One of the tricky things about participating in social networks is that you have no idea what the network is planning to do with your data next.
We’ve seen that with Facebook’s Beacon initiative which involved Facebook publishing third-party site activity (e.g., products and services bought on other sites) to members’ Facebook profiles, among other examples. And, LinkedIn got busted this summer when it included LinkedIn members’ names and photos in third-party ads, a practice since reversed.
In both of those instances, members were surprised by and not pleased with the social network over-reaching to drive additional revenue. It’s not quite the same as a change that’s been made on Twitter recently. But because Twitter is the social network of choice for asset managers (the @RockTheBoatMKTG list of investment managers tracks 48 accounts), I want to be sure that you know what’s changed.
Images Since January 2010
Previously, the tweeting of links to images using Twitter, TwitPic, yFrog, Instagram etc. was something that showed up in the stream and then moved through the stream. As such, the images shared on Twitter were one-offs. That changes now that Twitter has introduced image galleries. The galleries aggregate images that have been "uploaded in your tweets" into a page reachable via the Recent Images thumbnails now appearing on Twitter profile pages. The images can date as far back as January 2010.
So, what images have mutual fund and exchange-traded fund (ETF) Twitter accounts shared? The slideshow below shows the galleries of @AdvisorShares, @AmericanCentury, @BlackRockUSInvs, @iSharesETFs, @PutnamToday, @Russell_News, @TC_Talks, @USFunds and @Vanguard_Group Twitter accounts. Note: I uploaded screenshots of the grid view of the galleries into a Picasa Web album for easy display. If you go to each of the accounts and click on the images, you’ll see the copy that accompanied each image tweet.
Not Just Your Images
Twitter says, “If you copy and paste someone else's image (we call this a manual Retweet) into a tweet, the image will appear in your user gallery. The image will not appear in your user gallery if you use the Retweet button.”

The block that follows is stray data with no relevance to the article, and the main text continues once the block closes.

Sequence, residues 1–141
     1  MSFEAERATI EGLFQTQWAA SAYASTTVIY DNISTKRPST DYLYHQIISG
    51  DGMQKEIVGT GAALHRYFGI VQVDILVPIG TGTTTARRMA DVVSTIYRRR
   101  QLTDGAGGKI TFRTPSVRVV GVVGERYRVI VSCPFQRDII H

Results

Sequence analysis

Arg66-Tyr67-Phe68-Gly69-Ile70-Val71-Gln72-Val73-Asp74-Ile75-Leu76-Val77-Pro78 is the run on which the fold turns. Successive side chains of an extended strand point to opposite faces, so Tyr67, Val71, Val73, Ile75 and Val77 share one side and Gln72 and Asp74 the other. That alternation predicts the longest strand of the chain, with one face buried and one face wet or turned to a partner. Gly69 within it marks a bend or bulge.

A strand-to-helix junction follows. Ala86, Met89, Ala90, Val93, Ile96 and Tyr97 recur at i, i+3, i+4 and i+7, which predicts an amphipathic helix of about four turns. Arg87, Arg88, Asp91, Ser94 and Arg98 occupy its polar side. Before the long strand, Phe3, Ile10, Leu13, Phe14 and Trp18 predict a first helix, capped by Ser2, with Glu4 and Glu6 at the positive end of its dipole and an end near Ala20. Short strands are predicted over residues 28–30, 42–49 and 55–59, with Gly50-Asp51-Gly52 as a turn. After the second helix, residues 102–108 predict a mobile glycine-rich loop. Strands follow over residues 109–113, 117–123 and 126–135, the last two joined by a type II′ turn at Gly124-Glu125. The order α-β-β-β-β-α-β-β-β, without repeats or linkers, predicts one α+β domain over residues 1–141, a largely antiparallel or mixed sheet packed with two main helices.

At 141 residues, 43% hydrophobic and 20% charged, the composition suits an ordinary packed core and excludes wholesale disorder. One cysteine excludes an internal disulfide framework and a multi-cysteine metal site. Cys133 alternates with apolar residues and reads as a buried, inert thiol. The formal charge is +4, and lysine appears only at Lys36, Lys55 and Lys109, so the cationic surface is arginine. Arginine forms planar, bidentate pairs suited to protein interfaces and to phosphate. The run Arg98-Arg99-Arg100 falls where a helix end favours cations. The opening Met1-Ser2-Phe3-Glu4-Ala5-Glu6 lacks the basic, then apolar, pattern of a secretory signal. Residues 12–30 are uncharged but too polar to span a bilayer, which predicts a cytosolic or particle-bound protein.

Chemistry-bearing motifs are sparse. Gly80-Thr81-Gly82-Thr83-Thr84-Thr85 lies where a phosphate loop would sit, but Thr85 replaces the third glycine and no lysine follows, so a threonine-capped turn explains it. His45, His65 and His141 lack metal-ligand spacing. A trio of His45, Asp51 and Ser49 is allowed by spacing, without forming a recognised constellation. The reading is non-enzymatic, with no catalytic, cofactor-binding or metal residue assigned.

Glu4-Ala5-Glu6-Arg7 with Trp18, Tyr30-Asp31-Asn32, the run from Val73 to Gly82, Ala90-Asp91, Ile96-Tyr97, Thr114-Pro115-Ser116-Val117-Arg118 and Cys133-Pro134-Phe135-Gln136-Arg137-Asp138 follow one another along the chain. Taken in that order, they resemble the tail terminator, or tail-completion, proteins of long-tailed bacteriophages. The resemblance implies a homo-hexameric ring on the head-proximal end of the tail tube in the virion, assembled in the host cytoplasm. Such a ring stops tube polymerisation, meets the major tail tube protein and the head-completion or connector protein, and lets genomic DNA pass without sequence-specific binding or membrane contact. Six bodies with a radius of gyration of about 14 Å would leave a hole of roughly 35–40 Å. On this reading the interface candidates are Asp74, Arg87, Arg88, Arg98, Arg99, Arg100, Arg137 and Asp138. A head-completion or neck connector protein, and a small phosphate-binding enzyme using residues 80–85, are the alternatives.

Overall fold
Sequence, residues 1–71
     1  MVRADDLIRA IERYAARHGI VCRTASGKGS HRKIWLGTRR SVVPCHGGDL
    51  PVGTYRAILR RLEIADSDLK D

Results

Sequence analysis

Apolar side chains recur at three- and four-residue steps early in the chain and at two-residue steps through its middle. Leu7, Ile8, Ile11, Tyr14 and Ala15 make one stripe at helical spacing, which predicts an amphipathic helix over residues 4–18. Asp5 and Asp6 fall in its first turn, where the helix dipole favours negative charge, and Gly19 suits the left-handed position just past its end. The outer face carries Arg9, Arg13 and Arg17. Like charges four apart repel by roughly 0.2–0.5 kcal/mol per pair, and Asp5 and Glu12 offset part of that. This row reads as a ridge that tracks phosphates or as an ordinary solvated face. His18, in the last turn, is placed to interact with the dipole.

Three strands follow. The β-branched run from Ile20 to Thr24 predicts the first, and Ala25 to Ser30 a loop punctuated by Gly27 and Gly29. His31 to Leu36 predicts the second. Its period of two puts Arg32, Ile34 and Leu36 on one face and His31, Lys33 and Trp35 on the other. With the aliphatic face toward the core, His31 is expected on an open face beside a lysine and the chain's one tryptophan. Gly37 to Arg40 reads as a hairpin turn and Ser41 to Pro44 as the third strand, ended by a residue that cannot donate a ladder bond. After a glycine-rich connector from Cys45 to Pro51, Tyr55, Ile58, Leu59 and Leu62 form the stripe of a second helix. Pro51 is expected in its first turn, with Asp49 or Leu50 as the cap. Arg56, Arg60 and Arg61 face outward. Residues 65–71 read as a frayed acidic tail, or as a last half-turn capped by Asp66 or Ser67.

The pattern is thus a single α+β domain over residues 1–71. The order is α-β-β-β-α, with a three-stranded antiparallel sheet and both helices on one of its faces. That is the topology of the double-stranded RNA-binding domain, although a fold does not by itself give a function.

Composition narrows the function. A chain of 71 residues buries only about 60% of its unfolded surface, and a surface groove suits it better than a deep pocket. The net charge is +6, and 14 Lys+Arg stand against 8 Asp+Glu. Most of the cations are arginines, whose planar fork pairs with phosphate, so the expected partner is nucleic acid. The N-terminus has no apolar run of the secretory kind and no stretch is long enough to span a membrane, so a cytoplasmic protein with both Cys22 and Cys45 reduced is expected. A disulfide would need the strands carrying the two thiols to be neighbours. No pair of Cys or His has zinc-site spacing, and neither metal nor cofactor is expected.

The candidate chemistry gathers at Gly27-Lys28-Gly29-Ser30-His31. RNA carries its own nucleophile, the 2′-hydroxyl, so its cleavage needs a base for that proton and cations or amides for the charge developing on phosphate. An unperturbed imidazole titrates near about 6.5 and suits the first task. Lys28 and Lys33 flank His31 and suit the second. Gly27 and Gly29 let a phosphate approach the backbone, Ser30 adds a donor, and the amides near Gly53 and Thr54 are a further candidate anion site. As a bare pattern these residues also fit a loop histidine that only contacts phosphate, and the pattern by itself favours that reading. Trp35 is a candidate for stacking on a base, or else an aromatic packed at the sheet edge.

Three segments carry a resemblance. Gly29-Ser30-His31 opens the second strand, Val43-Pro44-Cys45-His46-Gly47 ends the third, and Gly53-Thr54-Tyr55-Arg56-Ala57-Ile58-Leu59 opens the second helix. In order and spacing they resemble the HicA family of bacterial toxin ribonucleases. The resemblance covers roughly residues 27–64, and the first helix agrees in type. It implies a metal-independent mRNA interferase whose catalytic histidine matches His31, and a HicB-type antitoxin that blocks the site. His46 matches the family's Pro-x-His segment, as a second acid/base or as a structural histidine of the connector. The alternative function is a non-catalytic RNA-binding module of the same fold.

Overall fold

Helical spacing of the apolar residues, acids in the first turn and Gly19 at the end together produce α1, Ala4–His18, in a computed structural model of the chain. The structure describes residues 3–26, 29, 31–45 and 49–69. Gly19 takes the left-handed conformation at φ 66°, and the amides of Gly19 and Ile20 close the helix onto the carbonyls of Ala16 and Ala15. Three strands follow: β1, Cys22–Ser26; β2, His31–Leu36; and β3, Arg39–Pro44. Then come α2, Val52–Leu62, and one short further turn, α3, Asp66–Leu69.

Note this point well. Others have already complained about images showing up in their galleries that they did not originally tweet (see Search Engine Land's recommendations for improving the gallery.)
Theoretically, this might be a concern for asset managers but practically speaking, tweets and re-tweets are still getting a thorough once-over by most Compliance officers. Still.
I wonder how even Twitter's gallery implementation is. I believe that I’ve seen more images tweeted than are showing up in asset manager accounts' galleries. I know that I’ve tweeted more images than the four sad entries showing up in my own uninspired gallery.
Most of the images shared appear to be from events, with more trucks featured than one would expect. It's surprising to see not one chart or graph among asset managers' images. This may be an opportunity for you to consider going forward: To anticipate the gallery, for example, by tweeting not just links to a series of charts as the BlackRock Twitter account does with its "chart of the week" but the image itself.
You and your firm may have one of two reactions to this new Twitter feature. You might be spooked, especially if you’re unhappy with the images that are in your gallery. If you are, just go ahead and delete them—and chalk this up as another lesson in participating on a social platform you don’t control.
But images can add so much when communicating. I'll bet that you and your team can find a way to benefit from this new feature.